Monday, September 6, 2010

What a ride!

My good friend, Linda Brumder, who is an ultra-rower, decided to brave 70 miles with me today. Friends are amazing people; they're like salt. They keep your systems working. After the last ride (see post on Aug. 4), I ended up in the ER because a pain I noticed got quite a bit worse. In the post I mentioned that I wasn't feeling 100%... So, Cheryl and I thought that perhaps I was having an appendicitis, but instead, an ovarian cyst had burst. I wasn't in the typical horrendous pain from one of those, but it wasn't a lot of fun. So, Linda decided to accompany me on ride #29.

This ride, the Goldendale Loop, is hugely diverse in scenery: from river, desert, to farmland, to forest, to river. It's a nearly 3,000 ft elevation gain, and I start the ride going east on Hwy 14 from Lyle toward the Maryhill Museum. We started around 8am this morning, and we weren't quite sure we were awake when we saw the following:

What ARE those things? Yaks? Below them were a herd of deer, and Linda thought we just needed antelope roaming...

There are great rollers especially above what used to be Celilo Falls. The wind was carrying us some, and whenever I'm up there, the wind and the silence carry loss; a whole way of life has been totally lost. You can feel it from that viewpoint.

The clouds lifted, and we were able to see Mt. Hood at that point. Soon we could also see the windmills. They are eerie and graceful and majestic. The Maryhill Museum, in all its funkiness, is its own unique landmark on the right.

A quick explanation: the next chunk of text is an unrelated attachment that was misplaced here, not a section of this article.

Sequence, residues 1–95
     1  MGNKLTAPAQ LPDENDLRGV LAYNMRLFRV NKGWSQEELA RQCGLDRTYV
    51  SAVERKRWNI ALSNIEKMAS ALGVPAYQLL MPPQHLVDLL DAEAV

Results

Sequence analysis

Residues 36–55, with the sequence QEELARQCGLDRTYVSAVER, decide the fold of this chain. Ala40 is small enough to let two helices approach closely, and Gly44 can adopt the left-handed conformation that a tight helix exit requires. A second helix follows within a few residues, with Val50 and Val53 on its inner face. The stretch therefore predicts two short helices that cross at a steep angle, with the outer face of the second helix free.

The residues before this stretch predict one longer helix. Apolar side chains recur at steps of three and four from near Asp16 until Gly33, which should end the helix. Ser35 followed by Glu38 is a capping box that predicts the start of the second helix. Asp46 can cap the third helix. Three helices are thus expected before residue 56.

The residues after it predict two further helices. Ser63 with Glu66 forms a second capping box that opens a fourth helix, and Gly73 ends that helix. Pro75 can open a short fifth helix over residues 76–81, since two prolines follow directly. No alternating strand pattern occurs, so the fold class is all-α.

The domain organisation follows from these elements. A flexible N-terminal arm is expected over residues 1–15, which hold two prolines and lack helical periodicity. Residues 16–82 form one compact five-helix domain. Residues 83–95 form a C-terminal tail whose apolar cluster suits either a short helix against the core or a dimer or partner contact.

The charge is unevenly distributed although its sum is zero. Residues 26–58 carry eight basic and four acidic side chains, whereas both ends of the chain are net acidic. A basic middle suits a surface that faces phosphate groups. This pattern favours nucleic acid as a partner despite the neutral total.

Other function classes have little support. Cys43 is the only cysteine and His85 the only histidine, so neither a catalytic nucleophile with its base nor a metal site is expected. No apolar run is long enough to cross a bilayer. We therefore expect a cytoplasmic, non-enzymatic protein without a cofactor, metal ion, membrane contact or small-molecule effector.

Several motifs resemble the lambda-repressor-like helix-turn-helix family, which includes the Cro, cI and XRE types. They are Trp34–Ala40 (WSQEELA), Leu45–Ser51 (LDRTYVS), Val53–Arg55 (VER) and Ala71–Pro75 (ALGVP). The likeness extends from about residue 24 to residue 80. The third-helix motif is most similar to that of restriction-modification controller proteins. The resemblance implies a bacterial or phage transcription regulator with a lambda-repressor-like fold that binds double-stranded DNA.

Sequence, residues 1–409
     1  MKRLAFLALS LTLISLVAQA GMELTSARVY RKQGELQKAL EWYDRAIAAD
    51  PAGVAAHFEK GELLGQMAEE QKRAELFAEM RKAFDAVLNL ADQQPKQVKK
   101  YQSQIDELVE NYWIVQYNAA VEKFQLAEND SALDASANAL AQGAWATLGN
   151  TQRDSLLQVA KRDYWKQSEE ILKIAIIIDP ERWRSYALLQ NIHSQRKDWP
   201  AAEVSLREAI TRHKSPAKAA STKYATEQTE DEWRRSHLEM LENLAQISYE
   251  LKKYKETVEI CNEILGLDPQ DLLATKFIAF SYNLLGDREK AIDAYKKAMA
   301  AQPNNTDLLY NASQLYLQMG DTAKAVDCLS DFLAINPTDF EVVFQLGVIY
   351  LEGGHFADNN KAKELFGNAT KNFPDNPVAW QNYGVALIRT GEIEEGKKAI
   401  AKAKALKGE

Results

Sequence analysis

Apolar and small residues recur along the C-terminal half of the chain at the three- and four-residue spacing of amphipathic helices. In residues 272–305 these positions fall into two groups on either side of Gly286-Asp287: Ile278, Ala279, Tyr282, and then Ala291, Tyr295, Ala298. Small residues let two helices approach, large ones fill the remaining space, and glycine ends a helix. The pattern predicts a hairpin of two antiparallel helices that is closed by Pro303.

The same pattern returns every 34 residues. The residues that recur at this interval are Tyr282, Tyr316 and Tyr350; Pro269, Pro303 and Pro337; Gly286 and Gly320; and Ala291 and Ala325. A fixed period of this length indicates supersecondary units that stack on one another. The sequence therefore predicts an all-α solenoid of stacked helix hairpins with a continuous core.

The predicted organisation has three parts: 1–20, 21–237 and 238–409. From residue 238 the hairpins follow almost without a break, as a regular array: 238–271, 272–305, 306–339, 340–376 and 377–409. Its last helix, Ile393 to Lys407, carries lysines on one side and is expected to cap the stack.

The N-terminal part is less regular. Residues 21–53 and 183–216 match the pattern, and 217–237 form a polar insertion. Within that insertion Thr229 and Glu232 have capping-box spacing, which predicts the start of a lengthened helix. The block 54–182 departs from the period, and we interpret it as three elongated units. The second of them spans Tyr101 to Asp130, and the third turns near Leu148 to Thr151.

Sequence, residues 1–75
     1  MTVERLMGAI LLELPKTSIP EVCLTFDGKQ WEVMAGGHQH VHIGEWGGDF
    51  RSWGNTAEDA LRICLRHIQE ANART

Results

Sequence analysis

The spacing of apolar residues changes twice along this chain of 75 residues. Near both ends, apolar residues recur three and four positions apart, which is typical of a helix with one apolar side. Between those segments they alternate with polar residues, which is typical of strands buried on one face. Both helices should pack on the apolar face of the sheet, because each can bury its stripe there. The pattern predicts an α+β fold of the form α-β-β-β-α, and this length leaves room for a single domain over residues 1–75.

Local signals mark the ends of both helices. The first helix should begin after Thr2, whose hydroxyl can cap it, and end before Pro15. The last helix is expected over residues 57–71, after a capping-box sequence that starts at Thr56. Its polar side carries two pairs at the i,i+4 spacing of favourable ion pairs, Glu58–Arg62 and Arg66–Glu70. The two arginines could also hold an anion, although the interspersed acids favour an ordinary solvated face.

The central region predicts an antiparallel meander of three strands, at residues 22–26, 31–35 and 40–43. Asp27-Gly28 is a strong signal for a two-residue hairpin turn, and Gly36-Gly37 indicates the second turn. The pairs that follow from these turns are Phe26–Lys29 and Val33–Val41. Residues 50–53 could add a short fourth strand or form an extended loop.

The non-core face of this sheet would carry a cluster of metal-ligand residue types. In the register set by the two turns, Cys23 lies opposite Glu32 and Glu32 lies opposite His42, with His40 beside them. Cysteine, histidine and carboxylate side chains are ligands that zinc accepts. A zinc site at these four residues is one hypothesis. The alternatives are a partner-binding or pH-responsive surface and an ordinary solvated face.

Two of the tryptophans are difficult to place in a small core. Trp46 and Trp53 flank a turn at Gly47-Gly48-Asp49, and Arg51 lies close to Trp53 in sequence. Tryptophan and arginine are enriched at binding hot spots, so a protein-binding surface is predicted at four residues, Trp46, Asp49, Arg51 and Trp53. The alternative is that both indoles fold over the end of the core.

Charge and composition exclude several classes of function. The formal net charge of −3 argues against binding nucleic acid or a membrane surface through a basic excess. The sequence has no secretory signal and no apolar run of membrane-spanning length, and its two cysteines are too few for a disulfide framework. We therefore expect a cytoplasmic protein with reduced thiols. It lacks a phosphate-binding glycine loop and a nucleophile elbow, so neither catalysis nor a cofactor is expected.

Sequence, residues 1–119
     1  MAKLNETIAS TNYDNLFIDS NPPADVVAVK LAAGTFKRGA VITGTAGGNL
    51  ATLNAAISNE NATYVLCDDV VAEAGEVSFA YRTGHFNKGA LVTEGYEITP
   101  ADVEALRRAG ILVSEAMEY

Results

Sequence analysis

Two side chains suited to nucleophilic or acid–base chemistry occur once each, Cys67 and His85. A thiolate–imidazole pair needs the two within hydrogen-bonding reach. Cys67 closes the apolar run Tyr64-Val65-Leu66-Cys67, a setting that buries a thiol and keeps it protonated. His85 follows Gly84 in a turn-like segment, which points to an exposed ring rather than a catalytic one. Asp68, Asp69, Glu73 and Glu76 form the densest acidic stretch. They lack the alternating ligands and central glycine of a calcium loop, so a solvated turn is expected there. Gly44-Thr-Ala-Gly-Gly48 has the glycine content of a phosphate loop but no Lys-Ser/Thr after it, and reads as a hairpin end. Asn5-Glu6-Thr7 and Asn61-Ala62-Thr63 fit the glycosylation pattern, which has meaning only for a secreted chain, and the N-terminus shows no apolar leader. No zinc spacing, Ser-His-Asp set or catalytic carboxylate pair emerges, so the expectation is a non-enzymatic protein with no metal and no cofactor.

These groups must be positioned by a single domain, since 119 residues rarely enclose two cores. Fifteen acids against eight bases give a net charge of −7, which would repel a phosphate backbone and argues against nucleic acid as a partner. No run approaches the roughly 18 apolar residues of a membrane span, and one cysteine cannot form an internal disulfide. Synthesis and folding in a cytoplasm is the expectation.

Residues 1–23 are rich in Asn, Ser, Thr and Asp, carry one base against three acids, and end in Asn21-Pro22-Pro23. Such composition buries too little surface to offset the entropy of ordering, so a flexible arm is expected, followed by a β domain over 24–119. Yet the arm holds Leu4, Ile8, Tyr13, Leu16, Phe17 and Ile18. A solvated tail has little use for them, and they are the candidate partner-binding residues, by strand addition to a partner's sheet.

From there we headed north, up a steep 3-mile climb complete with traffic, through the dancing windmills. Linda smoked me up the hill. At the top we were greeted with views of both Mt. Hood and Mt. Adams. Later as we moved past Goldendale and into the farmland, we spotted the very top of Rainier, up north in WA. Everywhere we looked, it was beautiful.

The wind was incredible, though. It sapped my energy pretty quickly. It was against us most of the ride, but luckily I had my trusty speakers for my iPod, and we boogied up the hills (kinda). I have to say the scariest part of the ride was the town of Klickitat. I usually hear a banjo when I go through there, and today, they did not disappoint. In the middle of town a guy in camouflage was carrying a rifle and walking his enormous pitbull down the rails-to-trails path. And then, later outside of Klickitat, a woman was walking along the side of the rode with a huge pistol. We rode really fast in those places. Yikes!

Anyway, Linda was a champ, and we made it despite the hills at the end of the ride. It was really fun to laugh our way around the loop. Now, I just taper this week before Cycle Oregon. I'm excited. Thanks for all your good thoughts and support. This summer has been a summer of love--I have felt such incredible support, tenderness, from so many people. Those ways of reaching out have been such blessings to me. On the way back from Mult. Falls the other day, I read the sign at a church which said, "The older one gets, the more blessings one counts." Ain't it the truth?!


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